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What is the Rule of Law Cheat Sheet by

Why Rule of Law is necessary
law     rule     justice

What is the rule of law?

Rule of law refers to an end state in which all indivi­duals and instit­utions, public and private, and the state itself are held accoun­table to the law, which is supreme. Laws must be consistent with intern­ational human rights norms and standards, legally certain, legally transp­arent, drafted with procedural transp­arency, and publicly promul­gated.

This end state requires equal enforc­ement and equality before the law, indepe­ndent adjudi­cation of the law, fairness in the applic­ation of the law, and avoidance of arbitr­ari­ness. Access to justic­e—the ability of people to seek and obtain a remedy through informal or formal instit­utions of justice—is a mutually reinfo­rcing component of rule of law. The rule of law requires the separation of powers and partic­ipation in decisi­on-­making. Rule of law is the ideal that states strive for; stabil­ization requires urgent focus toward this end.

What are the key rule of law challe­nges?

Histor­ically, the justice system may have been repressive and discri­min­atory, partic­ularly against margin­alized popula­tions, and may have been used only as a tool of powerful elites or criminal power struct­ures. Impunity for those in power consti­tutes another common barrier to reform. Compou­nding this challenge is the likelihood that conflict has paid handso­mel­y—t­hrough illicit means—­leading to crimin­ali­zation of state instit­utions, including the justice system. Public trust may be very low. The population may prefer to access justice through non-state, localized systems of justice or vigilante groups to solve grievances instead. The justice system may be severely debili­tated or may have collapsed. Its infras­tru­cture (e.g., court houses, public buildings, prisons, police stations, and minist­ries) may be destroyed, looted or dilapi­dated and in need of repair. Basic material resources may also be lacking. There may be a shortage of qualified rule of law actors (e.g., judges, court staff, police, prosec­utors, prison officials, lawyers).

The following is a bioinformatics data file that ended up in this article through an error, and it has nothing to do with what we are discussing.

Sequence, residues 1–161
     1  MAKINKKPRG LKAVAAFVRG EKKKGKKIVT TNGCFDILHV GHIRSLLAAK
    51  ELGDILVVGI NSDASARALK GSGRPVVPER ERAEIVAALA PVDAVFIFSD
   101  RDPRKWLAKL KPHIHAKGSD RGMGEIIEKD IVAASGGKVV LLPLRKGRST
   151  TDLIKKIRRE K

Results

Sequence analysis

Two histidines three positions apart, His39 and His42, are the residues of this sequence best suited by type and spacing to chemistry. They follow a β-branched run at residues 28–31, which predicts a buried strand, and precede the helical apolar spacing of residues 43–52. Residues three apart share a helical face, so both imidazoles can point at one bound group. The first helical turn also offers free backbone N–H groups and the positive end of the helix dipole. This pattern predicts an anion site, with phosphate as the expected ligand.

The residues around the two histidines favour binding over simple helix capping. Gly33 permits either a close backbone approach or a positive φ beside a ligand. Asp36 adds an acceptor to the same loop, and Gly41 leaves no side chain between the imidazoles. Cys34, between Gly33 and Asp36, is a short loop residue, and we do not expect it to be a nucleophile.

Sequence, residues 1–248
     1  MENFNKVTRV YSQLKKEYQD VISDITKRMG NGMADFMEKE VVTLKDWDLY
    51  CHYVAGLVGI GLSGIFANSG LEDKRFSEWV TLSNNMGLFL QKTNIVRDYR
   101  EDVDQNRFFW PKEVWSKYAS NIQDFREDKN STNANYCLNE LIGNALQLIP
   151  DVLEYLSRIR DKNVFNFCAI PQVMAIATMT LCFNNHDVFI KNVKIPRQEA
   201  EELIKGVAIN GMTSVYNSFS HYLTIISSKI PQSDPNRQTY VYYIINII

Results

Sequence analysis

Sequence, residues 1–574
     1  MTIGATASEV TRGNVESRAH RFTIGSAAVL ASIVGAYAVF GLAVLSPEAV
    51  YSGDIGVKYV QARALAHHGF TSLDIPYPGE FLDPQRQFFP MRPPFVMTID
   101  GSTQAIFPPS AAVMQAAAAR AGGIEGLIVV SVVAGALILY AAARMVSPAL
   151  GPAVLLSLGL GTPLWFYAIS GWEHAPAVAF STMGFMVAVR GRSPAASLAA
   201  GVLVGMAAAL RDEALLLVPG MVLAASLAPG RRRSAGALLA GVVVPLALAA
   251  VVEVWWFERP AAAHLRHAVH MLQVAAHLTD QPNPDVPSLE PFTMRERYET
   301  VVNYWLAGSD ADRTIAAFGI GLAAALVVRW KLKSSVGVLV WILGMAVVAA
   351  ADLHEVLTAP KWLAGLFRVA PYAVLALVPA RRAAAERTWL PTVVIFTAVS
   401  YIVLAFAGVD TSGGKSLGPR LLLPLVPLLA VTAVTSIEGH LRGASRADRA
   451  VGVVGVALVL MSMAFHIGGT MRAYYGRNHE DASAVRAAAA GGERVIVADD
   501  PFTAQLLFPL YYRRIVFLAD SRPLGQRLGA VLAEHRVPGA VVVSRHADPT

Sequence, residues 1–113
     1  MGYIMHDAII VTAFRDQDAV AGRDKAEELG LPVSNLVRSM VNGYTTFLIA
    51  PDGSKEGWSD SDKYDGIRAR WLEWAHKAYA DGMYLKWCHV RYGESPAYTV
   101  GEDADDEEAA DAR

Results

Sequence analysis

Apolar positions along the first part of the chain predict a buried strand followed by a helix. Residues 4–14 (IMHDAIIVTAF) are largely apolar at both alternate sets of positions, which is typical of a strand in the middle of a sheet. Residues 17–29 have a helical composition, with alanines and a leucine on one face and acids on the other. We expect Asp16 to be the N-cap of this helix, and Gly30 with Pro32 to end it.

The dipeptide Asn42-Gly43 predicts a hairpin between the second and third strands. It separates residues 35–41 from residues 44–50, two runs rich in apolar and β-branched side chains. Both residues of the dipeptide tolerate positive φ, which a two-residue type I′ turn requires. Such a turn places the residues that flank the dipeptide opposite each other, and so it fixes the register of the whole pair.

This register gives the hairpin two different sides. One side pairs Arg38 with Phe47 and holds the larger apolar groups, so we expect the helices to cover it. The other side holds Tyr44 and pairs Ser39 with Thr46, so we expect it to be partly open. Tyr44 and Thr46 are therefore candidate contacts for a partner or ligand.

Why is the rule of law a necessary end state?

Without rule of law, criminal and politi­cally motivated violence will perpetuate the threat that warring parties posed during violent conflict. A poorly functi­oning justice system will allow petty crime, violent crime, politi­cally and ethnically motivated crime, sexual and domestic violence, and organized criminal activities to flourish. Crime may be perpet­rated or tacitly supported by those in power, where government structures have become crimin­alized, and by former warring parties that have transf­ormed into organized crime gangs. Unless groups that have been involved in violent conflict regard the justice system as a more attractive altern­ative to violence for resolving disputes, peace will not be sustai­nable. For the popula­tion, rule of law is necessary to ensure safety and security for indivi­duals, families, property, and businesses and to allow freedom of movement to access public services such as education and health. Rule of law is the foundation for economic and political recovery and prospe­rity.
 

Rule of Law

What are the necessary condit­ions?

•Just Legal Framew­orks is a condition in which laws are consistent with intern­ational human rights norms and standards; are legally certain and transp­arent; are drafted with procedural transp­arency; are equitable, and are responsive to the entire popula­tion, not just powerful elites.
•Public Order is a condition in which laws are enforced equitably; the lives, property, freedoms, and rights of indivi­duals are protected; criminal and politi­cally motivated violence has been reduced to a minimum; and criminal elements (from looters and rioters to leaders of organized crime networks) are pursued, arrested, and detained.
•Acc­oun­tab­ility to the Law is a condition in which the popula­tion, public officials, and perpet­rators of past confli­ct-­related crimes are held legally accoun­table for their actions; the judiciary is indepe­ndent and free from political influence; and horizontal and vertical accoun­tab­ility mechanisms exist to prevent the abuse of power.
•Access to Justice is a condition in which people are able to seek and obtain a remedy for grievances through formal or informal instit­utions of justice that conform with intern­ational human rights standards, and a system exists to ensure equal and effective applic­ation of the law, procedural fairness, and transp­arency.
•Culture of Lawful­ness is a condition in which the general population follows the law and seeks to access the justice system to address its grieva­nces.

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